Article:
Analysis: Investors ponder Hungary default risk, contagion
By Sujata Rao
LONDON (Reuters) - A selloff in Hungarian financial markets is forcing investors to weigh the possibility of a default in the European Union state and the risk of contagion to other regional economies.
The rising cost of insuring government and bank debt in neighboring euro zone member Austria because of exposure to Hungary is a case in point.
Hungary needs to find around $16.5 billion this year to repay debt owed to bondholders and the International Monetary Fund but is effectively cut off from global capital markets as growing mistrust in its policies pushes up borrowing costs.
Controversial new laws that are seen as undermining central bank independence and democratic checks have put Hungary on a collision course with the European Union and the IMF, jeopardizing an aid deal.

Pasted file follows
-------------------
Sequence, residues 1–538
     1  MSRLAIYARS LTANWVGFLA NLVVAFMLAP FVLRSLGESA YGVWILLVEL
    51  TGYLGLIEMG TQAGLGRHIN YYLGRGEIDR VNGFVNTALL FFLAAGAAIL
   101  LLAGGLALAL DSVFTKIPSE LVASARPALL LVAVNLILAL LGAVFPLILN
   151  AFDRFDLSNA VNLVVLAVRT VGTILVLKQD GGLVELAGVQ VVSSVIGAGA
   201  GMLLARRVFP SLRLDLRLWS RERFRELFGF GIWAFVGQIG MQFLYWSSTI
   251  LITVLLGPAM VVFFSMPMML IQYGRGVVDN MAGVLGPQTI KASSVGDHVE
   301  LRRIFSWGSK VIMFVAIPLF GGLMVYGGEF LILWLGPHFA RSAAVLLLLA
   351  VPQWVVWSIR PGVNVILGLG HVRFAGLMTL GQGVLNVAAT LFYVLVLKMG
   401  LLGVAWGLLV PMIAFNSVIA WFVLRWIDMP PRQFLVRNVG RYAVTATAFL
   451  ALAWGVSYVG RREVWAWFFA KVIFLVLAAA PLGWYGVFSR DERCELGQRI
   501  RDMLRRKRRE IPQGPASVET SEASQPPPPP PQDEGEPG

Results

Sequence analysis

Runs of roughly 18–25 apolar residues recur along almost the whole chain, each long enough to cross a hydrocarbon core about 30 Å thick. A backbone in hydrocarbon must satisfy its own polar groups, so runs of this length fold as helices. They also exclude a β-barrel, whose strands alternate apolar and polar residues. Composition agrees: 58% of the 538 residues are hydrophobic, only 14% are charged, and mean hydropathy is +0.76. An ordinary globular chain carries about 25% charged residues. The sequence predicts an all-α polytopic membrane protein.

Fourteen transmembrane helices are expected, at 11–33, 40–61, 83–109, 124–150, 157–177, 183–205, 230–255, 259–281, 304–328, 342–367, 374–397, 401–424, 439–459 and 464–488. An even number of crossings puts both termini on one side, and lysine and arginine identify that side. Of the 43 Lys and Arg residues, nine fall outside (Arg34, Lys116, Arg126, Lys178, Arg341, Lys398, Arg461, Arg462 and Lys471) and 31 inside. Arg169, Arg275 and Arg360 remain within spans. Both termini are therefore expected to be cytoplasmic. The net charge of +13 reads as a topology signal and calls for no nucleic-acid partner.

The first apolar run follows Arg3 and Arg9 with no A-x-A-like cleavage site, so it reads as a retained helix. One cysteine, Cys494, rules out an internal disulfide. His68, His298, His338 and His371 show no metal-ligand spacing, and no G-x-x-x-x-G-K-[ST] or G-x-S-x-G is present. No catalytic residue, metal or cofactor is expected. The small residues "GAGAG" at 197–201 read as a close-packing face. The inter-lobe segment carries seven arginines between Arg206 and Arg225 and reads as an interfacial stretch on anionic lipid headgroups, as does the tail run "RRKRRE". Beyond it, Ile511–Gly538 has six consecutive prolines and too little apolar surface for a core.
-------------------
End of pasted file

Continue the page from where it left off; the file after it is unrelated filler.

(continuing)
"Common sense would say a default cannot happen but now we can no longer exclude this possibility. It is a marginal risk, but it is a risk, and cracks have appeared in investor confidence," said Viktor Szabo, a fund manager at Aberdeen Asset Management, which has $7 billion in emerging debt.
Like most fund managers, Szabo does not see a 2012 default as the main scenario and expects Hungary to eventually meet IMF conditions and sign a loan deal. The government said on Wednesday it might moderate some of its widely-criticized policies to please international lenders.
Szabo said he is extremely underweight Hungarian hard currency bonds and the forint.
"The question is how far the market must push Hungarian assets ... It's hard to guess what level of exchange rate and bond yield will make the government change their mind," he said. Continued...